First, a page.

Fees and fine print
When you have a problem with an appliance or home system, warranty companies promise to dispatch a professional to make things right.
If the technician can’t fix it, the company promises to buy a replacement product. Sounds great, but sales pitches can make it seem as if you’ll never pay for a home repair again. It’s not that simple.
For most homes, warranty companies charge from $400 to more than $1,000 for the first year of coverage, depending on the company, the plan and where you live. For example, for one Chicago address Checkbook checked, American Home Shield charges $480 for an annual plan that covers either a home’s appliances or systems, such as electrical, heating and plumbing equipment. It charges $600 to protect both. The cost will be higher if the homeowner adds coverage for other items, such as a swimming pool, spa, or well or septic pump.
In addition to monthly or annual premiums, you’ll be responsible for a “trade service fee” of about $65 to $125 every time you call for service. (Repairs are done by businesses that warranty companies hire to respond to claims.) Even if the warranty company denies your claim, you still pay the service fee, based on the companies and plans Checkbook examined.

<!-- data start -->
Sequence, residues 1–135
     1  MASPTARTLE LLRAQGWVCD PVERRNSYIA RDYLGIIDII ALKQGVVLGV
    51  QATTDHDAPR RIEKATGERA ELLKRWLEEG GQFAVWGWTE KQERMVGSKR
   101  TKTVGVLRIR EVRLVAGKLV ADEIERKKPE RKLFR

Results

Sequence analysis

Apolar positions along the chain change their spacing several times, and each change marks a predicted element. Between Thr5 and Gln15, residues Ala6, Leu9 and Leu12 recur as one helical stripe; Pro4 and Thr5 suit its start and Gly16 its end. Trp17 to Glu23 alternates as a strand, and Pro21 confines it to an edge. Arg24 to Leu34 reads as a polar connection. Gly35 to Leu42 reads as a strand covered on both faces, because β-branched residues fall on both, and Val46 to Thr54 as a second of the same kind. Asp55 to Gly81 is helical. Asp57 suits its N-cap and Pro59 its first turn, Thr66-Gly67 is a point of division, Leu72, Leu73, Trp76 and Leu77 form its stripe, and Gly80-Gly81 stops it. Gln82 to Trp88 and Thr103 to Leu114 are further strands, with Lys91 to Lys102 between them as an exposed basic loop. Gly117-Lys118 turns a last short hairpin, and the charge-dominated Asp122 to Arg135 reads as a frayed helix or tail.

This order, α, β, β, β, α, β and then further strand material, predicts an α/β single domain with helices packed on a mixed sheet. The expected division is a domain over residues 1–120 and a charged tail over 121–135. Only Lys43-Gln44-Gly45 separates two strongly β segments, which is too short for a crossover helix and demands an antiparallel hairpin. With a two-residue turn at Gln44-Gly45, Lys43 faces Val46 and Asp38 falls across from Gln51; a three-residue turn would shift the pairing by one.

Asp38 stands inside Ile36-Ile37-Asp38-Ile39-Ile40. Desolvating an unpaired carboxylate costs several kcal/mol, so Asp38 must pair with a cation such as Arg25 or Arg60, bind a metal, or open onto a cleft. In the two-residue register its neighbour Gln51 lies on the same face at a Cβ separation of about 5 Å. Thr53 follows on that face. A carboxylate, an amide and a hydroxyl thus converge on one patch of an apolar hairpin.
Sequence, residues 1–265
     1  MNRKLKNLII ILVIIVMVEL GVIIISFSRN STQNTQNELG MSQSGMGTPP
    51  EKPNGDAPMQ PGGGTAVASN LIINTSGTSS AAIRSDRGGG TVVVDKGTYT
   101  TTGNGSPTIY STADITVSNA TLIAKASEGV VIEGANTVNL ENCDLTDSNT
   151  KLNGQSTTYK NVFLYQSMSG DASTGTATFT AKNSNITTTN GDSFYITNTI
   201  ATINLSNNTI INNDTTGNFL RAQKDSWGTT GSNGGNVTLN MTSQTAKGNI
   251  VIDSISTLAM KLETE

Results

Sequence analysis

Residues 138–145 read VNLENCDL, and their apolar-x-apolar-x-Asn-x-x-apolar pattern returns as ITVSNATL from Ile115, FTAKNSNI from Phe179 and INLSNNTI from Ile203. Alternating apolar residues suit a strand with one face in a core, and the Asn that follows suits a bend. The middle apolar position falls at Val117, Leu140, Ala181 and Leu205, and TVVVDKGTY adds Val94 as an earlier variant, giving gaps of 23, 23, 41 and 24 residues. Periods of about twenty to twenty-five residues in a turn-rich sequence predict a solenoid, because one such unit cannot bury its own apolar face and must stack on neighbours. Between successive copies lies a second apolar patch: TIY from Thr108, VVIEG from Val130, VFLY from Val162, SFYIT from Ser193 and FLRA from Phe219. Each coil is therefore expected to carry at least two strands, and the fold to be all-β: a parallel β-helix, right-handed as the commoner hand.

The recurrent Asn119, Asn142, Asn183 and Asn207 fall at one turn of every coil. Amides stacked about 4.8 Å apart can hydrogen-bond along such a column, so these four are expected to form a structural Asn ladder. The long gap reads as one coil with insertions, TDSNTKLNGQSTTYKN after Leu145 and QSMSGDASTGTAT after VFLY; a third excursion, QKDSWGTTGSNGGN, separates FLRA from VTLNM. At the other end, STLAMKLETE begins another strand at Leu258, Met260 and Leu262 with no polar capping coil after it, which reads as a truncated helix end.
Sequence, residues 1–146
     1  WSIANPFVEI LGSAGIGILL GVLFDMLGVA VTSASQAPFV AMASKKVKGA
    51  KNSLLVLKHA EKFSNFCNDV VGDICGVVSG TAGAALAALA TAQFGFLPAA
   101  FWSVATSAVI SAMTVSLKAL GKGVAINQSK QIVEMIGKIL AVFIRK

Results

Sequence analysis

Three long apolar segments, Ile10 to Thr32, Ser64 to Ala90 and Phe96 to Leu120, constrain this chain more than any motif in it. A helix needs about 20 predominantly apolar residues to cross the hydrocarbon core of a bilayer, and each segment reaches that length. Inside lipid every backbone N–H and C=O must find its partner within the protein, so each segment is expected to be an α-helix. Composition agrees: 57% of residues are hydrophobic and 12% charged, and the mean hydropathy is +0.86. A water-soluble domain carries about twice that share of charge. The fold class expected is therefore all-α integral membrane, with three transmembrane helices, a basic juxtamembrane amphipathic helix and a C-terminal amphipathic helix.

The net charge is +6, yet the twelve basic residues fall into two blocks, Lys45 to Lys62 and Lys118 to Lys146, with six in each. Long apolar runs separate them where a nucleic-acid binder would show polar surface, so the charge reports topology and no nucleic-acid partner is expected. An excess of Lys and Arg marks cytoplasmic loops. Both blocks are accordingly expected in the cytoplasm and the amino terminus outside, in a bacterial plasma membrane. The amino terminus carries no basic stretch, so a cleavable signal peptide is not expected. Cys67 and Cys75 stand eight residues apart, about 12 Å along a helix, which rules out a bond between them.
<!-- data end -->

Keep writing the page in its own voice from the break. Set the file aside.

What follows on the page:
Even the most comprehensive plans include long lists of fine-print exclusions. Most limit the companies’ financial exposure from items that break often or can be costly to fix or replace. For example, refrigerator ice-makers break down a lot, which is why many plans exclude them. And the cost of repairing or replacing heating and plumbing systems can be thousands of dollars. That’s the reason plans often limit the amount they’ll pay for those items or overall.
Think you’re covered if your roof leaks? Not with three of the six companies Checkbook examined. And you’ll need to check the fine print on complicated items such as water heaters, window air conditioners and solar heating systems. Some companies cover them, some don’t, and some might cover parts of an appliance but not others. One plan Checkbook examined excludes any damage that occurs during your oven’s self-cleaning cycle.